"4"

> CodeTools:-Usage( Matrix([[3.]]) . Matrix([[3.]]) ): # initialize external libs
memory used=216.91KiB, alloc change=127.98KiB, cpu time=140.00ms, real time=2.81s

> CodeTools:-Usage( Matrix([[3.]]) . Matrix([[3.]]) ):
memory used=9.46KiB, alloc change=0 bytes, cpu time=0ns, real time=0ns


Hyperthreading enabled in BIOS
------------------------------

> restart: # actual OS reboot
> getenv(OMP_NUM_THREADS);    # NULL, unset in OS

> CodeTools:-Usage( Matrix([[3.]]) . Matrix([[3.]]) ): # initialize external libs
memory used=217.00KiB, alloc change=127.98KiB, cpu time=202.00ms, real time=2.84s

> CodeTools:-Usage( Matrix([[3.]]) . Matrix([[3.]]) ):
memory used=9.46KiB, alloc change=0 bytes, cpu time=0ns, real time=0ns


> restart: # actual OS reboot
> getenv(OMP_NUM_THREADS);
                              "4"

> CodeTools:-Usage( Matrix([[3.]]) . Matrix([[3.]]) ): # initialize external libs
memory used=215.56KiB, alloc change=127.98KiB, cpu time=187.00ms, real time=1.12s

> CodeTools:-Usage( Matrix([[3.]]) . Matrix([[3.]]) ):
memory used=9.46KiB, alloc change=0 bytes, cpu time=0ns, real time=0ns


Having established that the first use after reboot was incurring a real time penalty of a few seconds, I redid the timings in order to gauge the benefit of having OMP_NUM_THREADS set appropriately. These too were done with and without hyperthreading enabled. The timings below appear to indicate that slightly bettern performance can be had for this example in the case that hyperthreading is disabled. The timings also appear to indicate that having OMP_NUM_THREADS unset results in performance competitive with having it set to the number of physical cores.

Hyperthreading disabled in BIOS
-------------------------------

> restart:
> CodeTools:-Usage( Matrix([[3.]]) . Matrix([[3.]]) ): # initialize external libs
memory used=217.84KiB, alloc change=127.98KiB, cpu time=141.00ms, real time=142.00ms

> getenv(OMP_NUM_THREADS);  # NULL, unset in OS

> M:=LinearAlgebra:-RandomMatrix(3000,datatype=float[8]):
> CodeTools:-Usage( M . M ):
memory used=68.67MiB, alloc change=68.74MiB, cpu time=7.50s, real time=1.92s


> restart:
> CodeTools:-Usage( Matrix([[3.]]) . Matrix([[3.]]) ): # initialize external libs
memory used=217.84KiB, alloc change=127.98KiB, cpu time=141.00ms, real time=141.00ms

> getenv(OMP_NUM_THREADS);
                              "1"

> M:=LinearAlgebra:-RandomMatrix(3000,datatype=float[8]):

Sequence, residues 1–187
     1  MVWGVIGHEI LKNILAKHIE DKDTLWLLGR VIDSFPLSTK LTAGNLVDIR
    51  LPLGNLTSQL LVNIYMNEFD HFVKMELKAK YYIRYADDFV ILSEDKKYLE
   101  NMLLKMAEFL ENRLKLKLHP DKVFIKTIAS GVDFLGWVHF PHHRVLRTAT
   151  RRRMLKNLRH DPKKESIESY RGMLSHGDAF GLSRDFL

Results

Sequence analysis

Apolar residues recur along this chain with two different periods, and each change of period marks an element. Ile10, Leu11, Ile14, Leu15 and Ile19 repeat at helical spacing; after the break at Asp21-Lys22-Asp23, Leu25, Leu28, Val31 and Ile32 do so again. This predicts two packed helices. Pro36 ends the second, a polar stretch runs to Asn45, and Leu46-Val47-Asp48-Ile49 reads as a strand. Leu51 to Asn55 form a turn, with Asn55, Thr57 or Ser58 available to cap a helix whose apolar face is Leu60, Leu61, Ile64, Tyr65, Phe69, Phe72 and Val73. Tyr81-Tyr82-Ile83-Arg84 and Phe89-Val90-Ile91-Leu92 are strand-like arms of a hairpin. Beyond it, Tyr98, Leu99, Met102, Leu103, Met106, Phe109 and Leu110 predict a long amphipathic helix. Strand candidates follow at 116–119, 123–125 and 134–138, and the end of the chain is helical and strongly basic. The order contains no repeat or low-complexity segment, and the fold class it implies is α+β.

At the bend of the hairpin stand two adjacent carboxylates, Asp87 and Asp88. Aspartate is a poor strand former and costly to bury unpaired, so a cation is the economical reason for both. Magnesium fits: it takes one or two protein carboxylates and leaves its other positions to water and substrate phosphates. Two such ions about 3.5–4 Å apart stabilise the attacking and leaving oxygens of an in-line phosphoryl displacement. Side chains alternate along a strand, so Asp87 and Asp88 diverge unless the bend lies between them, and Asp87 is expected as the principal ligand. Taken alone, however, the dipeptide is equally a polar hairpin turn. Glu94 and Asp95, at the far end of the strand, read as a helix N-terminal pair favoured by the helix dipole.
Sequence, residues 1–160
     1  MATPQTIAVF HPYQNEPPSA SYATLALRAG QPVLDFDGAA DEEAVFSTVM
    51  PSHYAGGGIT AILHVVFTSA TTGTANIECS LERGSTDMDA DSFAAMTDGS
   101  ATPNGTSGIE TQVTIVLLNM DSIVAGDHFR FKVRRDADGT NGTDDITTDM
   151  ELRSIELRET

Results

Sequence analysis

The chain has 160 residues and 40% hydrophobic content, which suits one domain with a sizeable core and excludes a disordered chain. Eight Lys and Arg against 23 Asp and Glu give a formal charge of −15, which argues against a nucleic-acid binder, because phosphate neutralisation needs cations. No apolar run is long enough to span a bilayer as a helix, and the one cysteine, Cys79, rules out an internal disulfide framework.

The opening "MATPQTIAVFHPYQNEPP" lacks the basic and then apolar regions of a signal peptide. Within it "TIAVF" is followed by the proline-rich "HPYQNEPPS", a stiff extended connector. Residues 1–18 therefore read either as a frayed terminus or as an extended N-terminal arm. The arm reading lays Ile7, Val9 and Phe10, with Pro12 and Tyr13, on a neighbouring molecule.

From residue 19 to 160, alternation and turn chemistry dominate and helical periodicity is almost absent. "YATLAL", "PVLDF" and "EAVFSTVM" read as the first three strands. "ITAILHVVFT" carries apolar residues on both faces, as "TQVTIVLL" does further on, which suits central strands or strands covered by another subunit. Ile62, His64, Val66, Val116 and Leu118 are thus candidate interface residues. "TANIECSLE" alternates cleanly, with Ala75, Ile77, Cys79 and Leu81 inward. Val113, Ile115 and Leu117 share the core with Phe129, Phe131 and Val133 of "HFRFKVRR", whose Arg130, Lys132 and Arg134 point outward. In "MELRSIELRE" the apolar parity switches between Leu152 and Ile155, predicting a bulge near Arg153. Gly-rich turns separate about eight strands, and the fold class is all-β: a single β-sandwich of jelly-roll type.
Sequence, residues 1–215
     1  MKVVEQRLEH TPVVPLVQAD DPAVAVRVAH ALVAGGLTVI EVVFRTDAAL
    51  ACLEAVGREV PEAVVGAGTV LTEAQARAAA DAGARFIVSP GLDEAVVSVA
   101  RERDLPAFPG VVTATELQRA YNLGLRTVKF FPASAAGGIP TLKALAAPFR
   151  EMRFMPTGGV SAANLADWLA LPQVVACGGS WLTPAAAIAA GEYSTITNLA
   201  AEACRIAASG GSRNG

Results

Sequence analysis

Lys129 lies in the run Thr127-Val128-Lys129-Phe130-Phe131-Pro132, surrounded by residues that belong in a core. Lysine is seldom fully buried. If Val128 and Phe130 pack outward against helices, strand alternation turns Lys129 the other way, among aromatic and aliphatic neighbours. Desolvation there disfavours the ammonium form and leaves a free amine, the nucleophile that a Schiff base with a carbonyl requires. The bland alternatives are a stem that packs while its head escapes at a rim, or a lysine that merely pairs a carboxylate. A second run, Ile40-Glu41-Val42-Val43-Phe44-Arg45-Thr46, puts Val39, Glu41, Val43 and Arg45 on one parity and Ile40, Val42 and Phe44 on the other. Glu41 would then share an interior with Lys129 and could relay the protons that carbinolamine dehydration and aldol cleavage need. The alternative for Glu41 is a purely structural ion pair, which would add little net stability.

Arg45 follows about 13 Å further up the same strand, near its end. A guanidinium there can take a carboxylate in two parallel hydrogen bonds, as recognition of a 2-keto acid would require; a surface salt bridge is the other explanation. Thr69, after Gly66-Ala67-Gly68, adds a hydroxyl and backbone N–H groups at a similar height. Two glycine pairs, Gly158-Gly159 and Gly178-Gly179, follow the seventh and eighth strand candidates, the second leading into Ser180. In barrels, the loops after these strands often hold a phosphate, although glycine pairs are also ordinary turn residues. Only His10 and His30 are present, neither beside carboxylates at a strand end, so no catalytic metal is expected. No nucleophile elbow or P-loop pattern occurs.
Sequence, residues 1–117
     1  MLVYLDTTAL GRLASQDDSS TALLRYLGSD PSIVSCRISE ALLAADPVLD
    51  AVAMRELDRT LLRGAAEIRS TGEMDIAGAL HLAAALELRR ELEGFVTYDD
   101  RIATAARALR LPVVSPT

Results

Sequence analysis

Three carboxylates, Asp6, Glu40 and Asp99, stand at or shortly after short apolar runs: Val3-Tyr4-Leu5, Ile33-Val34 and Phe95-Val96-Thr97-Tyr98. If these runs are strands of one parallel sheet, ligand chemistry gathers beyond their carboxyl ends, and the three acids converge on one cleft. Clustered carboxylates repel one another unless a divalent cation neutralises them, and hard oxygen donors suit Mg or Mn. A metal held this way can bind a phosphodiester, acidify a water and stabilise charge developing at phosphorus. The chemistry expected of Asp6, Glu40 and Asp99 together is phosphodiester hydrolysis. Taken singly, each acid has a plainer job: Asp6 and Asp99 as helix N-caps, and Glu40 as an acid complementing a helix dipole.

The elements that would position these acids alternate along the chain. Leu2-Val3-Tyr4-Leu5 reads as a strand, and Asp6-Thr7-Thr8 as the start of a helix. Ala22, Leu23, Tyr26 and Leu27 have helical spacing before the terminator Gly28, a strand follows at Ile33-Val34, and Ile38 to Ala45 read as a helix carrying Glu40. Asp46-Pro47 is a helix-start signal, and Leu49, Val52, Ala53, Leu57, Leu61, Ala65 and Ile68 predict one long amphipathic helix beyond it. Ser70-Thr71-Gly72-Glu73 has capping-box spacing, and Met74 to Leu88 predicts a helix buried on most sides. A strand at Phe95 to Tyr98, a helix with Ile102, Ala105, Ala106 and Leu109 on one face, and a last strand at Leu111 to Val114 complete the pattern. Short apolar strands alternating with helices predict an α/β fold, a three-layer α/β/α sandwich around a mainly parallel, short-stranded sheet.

> CodeTools:-Usage( M . M ):
memory used=68.67MiB, alloc change=68.74MiB, cpu time=7.38s, real time=7.38s


> restart:
> CodeTools:-Usage( Matrix([[3.]]) . Matrix([[3.]]) ): # initialize external libs
memory used=217.11KiB, alloc change=127.98KiB, cpu time=125.00ms, real time=125.00ms

> getenv(OMP_NUM_THREADS);
                              "4"

> M:=LinearAlgebra:-RandomMatrix(3000,datatype=float[8]):
> CodeTools:-Usage( M . M ):
memory used=68.67MiB, alloc change=68.74MiB, cpu time=7.57s, real time=1.94s



Hyperthreading enabled in BIOS
------------------------------

> restart:
> CodeTools:-Usage( Matrix([[3.]]) . Matrix([[3.]]) ): # initialize external libs
memory used=216.57KiB, alloc change=127.98KiB, cpu time=125.00ms, real time=125.00ms

> getenv(OMP_NUM_THREADS);  # NULL, unset in OS

> M:=LinearAlgebra:-RandomMatrix(3000,datatype=float[8]):
> CodeTools:-Usage( M . M ):
memory used=68.67MiB, alloc change=68.74MiB, cpu time=8.46s, real time=2.15s


> restart:
> CodeTools:-Usage( Matrix([[3.]]) . Matrix([[3.]]) ): # initialize external libs
memory used=216.80KiB, alloc change=127.98KiB, cpu time=125.00ms, real time=125.00ms

> getenv(OMP_NUM_THREADS);
                              "1"

> M:=LinearAlgebra:-RandomMatrix(3000,datatype=float[8]):
> CodeTools:-Usage( M . M ):
memory used=68.67MiB, alloc change=68.74MiB, cpu time=7.35s, real time=7.35s


> restart:
> CodeTools:-Usage( Matrix([[3.]]) . Matrix([[3.]]) ): # initialize external libs
memory used=216.80KiB, alloc change=127.98KiB, cpu time=125.00ms, real time=125.00ms

> getenv(OMP_NUM_THREADS);  # NULL, unset in OS
                              "4"

> M:=LinearAlgebra:-RandomMatrix(3000,datatype=float[8]):
> CodeTools:-Usage( M . M ):
memory used=68.67MiB, alloc change=68.74MiB, cpu time=8.56s, real time=2.15s


> restart:
> CodeTools:-Usage( Matrix([[3.]]) . Matrix([[3.]]) ): # initialize external libs
memory used=216.80KiB, alloc change=127.98KiB, cpu time=125.00ms, real time=125.00ms

> getenv(OMP_NUM_THREADS);
                              "8"

> M:=LinearAlgebra:-RandomMatrix(3000,datatype=float[8]):
> CodeTools:-Usage( M . M ):
memory used=68.67MiB, alloc change=68.74MiB, cpu time=8.69s, real time=2.23s

With all those new timing measurements it appears that having to set the global environment variable OMP_NUM_THREADS to the number of physical cores may not be necessary. The performance is comparable, when that variable is left unset. So, while this post is now a non-story, it's interesting to know.

And the lesson about comparitive timings is also useful. Sometimes, even complete GUI/kernel relaunch is not enough to get a level and fair field for comparison.

I was recently looking at rotating a 3D plot, using plottools:-rotate, and noticed something inefficient.